NEW YORK (CNNMoney) -- Dear Corporate America,
Friday's jobs report better be very good or you will have a lot of Ricky Ricardo-esque explaining to do. Economists surveyed by CNNMoney expect a job gain of 200,000 from the private sector in April.
Call me greedy. But it would be really nice if that number was north of 250,000.
Yes, commodity costs may still be a wild card. But it's time to stop hiding behind the veil of "uncertainty."
It's time to start using the massive amounts of cash you have to hire more people.
First quarter earnings were mostly solid and many companies issued upbeat guidance for the remainder of the year, citing healthy demand. Qualcomm (QCOM, Fortune 500), Johnson & Johnson (JNJ, Fortune 500) and Bed Bath & Beyond (BBBY, Fortune 500) are just a few of many big companies that have issued a more bullish outlook for 2011.
If businesses really believe that the rest of 2011 should be strong, it's time to put money where your proverbial mouth is. Stop stretching existing workers to the breaking point. Increased productivity can only go so far.
If you want the recovery to be "self-sustaining" instead of "transitory", then add to headcount. Fewer people out of work could go a long way toward boosting consumer confidence -- and more importantly, consumer spending.
It could even help the housing market. It's no secret that the foreclosure crisis is related to the fact that so many people are unemployed or underemployed.
Cash is being put to work to reward shareholders. Many firms, including CBS (CBS, Fortune 500), IBM (IBM, Fortune 500) and Pepsi (PEP, Fortune 500), have recently boosted their dividends. Others, such as Northrop Grumman (NOC, Fortune 500), Merck (MRK, Fortune 500) and DuPont (DD, Fortune 500), are increasing share buybacks.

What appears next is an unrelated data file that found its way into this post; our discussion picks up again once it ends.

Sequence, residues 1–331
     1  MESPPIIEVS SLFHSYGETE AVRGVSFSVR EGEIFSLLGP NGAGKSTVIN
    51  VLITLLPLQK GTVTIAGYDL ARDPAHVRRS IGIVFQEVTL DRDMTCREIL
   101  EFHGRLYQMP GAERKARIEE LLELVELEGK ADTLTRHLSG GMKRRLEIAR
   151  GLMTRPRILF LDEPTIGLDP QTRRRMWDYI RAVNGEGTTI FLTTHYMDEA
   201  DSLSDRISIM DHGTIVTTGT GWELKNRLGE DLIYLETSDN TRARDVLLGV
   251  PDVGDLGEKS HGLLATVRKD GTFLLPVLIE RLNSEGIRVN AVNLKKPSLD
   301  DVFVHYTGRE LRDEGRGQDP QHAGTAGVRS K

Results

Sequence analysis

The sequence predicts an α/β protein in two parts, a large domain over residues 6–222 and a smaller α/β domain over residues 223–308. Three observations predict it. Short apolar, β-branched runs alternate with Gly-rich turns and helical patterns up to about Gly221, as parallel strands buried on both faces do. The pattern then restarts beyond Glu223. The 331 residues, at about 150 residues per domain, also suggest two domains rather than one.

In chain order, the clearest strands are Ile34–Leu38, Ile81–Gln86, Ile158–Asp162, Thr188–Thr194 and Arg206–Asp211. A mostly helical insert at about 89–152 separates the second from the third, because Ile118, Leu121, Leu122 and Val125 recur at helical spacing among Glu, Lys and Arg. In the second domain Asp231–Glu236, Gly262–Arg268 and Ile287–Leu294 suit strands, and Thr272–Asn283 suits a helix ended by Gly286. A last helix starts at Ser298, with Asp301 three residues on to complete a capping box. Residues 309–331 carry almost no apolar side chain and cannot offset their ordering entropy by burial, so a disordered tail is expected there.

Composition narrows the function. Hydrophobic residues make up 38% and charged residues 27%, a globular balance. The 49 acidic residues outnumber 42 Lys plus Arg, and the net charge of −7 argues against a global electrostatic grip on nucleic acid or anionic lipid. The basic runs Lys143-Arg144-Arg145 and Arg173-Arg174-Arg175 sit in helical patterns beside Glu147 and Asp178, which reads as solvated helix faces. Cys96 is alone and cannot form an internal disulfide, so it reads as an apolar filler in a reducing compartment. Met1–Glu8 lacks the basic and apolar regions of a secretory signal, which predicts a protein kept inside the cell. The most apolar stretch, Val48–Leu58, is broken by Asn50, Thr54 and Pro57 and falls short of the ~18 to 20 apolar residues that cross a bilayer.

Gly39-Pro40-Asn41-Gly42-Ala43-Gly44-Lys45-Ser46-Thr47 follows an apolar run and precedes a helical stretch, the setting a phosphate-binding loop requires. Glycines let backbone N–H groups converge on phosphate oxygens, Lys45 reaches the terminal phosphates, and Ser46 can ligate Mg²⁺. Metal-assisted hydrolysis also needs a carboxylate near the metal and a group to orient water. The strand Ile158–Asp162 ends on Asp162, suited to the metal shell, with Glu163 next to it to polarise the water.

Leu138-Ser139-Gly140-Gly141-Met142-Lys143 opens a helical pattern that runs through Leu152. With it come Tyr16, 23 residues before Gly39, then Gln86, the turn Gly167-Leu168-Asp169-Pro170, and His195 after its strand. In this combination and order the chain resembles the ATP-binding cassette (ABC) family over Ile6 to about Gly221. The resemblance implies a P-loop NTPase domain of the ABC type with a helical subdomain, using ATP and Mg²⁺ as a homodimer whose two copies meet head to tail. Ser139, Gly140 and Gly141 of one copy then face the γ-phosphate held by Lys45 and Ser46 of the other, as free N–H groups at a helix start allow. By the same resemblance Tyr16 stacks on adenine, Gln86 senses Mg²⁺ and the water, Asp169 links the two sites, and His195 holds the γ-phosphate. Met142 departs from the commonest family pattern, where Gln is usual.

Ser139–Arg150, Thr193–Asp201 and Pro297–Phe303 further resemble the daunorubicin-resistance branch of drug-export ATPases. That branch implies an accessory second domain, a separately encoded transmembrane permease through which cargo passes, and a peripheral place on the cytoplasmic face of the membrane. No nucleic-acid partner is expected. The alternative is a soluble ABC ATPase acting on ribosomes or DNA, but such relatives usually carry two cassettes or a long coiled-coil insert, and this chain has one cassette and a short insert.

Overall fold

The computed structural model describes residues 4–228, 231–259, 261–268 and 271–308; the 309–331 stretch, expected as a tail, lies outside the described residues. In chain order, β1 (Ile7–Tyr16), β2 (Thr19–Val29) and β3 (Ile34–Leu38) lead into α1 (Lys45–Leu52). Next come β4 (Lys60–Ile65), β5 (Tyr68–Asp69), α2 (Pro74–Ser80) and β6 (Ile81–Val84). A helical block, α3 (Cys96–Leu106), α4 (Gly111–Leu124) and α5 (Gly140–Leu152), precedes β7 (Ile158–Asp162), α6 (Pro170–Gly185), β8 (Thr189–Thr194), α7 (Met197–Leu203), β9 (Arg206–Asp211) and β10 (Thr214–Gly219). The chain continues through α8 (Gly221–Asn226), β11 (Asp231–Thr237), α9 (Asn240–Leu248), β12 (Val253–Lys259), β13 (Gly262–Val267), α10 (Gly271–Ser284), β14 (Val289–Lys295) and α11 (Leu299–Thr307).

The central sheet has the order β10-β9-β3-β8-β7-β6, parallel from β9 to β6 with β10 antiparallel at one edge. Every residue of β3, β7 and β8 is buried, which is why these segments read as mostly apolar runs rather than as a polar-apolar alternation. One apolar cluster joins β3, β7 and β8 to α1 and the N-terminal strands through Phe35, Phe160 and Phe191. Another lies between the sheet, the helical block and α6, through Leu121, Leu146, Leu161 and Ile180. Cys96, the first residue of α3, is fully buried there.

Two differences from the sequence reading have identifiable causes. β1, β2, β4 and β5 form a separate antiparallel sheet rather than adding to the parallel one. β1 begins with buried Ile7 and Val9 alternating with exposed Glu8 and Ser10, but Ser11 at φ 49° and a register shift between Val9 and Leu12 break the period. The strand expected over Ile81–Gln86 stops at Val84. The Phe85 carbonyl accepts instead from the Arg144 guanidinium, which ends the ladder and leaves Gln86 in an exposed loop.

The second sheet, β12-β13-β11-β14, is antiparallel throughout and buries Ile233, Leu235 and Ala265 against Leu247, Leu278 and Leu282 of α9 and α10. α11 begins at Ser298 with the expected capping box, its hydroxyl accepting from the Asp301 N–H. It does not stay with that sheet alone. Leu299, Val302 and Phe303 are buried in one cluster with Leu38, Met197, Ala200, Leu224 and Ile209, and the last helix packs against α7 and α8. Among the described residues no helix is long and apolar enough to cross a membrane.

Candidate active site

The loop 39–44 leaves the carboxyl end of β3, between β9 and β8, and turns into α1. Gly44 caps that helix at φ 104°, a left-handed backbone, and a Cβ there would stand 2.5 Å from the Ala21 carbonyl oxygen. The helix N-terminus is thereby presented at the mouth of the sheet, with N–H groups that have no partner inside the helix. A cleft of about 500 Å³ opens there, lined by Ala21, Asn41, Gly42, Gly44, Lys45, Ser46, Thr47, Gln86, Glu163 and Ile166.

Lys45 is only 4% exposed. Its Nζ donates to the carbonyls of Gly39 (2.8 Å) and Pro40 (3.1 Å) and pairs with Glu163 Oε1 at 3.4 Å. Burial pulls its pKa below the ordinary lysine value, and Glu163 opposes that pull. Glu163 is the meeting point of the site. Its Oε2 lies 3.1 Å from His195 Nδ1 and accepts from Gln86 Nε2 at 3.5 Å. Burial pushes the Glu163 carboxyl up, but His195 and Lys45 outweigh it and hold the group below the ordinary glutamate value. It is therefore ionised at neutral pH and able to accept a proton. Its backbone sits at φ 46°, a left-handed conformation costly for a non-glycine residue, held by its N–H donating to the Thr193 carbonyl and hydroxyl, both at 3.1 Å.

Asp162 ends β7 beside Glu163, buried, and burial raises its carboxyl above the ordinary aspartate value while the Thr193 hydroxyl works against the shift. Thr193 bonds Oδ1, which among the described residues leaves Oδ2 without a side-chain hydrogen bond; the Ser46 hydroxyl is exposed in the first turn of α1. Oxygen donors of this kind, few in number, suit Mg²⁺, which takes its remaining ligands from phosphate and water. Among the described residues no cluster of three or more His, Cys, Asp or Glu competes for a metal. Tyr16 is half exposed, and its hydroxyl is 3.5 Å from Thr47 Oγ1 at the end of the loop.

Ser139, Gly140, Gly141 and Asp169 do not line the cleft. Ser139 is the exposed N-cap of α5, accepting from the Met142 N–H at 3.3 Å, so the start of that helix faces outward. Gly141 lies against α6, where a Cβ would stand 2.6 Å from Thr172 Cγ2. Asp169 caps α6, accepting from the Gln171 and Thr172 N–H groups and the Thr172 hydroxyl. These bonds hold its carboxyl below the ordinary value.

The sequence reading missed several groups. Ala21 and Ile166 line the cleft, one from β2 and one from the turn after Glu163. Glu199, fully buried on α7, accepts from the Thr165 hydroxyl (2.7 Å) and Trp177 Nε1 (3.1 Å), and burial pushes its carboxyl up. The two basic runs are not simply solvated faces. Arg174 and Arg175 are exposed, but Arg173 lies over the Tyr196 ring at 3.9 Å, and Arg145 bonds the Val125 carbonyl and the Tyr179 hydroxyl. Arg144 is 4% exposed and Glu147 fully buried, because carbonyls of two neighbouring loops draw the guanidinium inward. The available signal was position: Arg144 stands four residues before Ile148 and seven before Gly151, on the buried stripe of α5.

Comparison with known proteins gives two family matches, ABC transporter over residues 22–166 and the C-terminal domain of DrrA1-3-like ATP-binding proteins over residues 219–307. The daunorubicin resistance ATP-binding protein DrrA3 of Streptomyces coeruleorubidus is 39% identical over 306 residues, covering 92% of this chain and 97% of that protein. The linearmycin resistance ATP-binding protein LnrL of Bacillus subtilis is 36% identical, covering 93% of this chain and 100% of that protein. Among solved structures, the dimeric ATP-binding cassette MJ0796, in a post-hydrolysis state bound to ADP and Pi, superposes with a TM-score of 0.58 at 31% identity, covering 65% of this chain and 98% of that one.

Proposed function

Then there's the explosion in merger activity. Companies are pairing up like drunken teens in the back seat of a limo after their high school prom. And many are using cash, not inflated stock, to do it.
Just this week, there have been four notable multi-billion dollar deals.
Arch Coal (ACI) is buying International Coal (ICO) for $3.4 billion in cold hard cash. Israeli drug maker Teva (TEVA) is buying biotech Cephalon (CEPH) for $6.8 billion. All cash. Applied Materials (AMAT, Fortune 500) is paying $4.9 billion in cash for rival Varian Semiconductor (VSEA).
Do we even want to get into the issue of executive compensation? Ford (F, Fortune 500), JPMorgan Chase (JPM, Fortune 500) and Target (TGT, Fortune 500) have all rewarded their CEOs handsomely for a job well done.
So let's recap. Companies seem to be more optimistic about the economic outlook. They have the money to spend on acquisitions. They have the money to spend on bigger payouts to shareholders. The C-suite guys and gals are getting fat bonuses.
Fortunately, some companies are taking steps in the right direction. McDonald's (MCD, Fortune 500) is going on a major hiring spree. Google (GOOG, Fortune 500) keeps adding workers even though investors shortsightedly punish the company for doing so.
How can other big businesses still claim with a straight face that it's too early to bring more people back to work? There is no legitimate reason why the nation's largest companies shouldn't be aggressively hiring more again.
Come on! Job growth shouldn't be an afterthought.
Paul R. La Monica
The opinions expressed in this commentary are solely those of Paul R. La Monica. Other than Time Warner, the parent of CNNMoney, and Abbott Laboratories, La Monica does not own positions in any individual stocks.
Treasury Secretary Steven Mnuchin's fiancée will sever ties to the Hollywood businesses Mnuchin was involved with. More
Santander Consumer USA only checked the incomes of 8% of its applicants for subprime auto loans, according to a new report from Moody's Investors Service. More
The Anita Borg Institute for Women and Technology confirmed that it has cut ties with Uber. More
In 1998, Ntsiki Biyela won a scholarship to study wine making. Now she's about to launch her own brand. More
Betsy DeVos oversees a $1.3 trillion student debt program that touches 42 million Americans. Many borrowers complain about the servicing they receive. More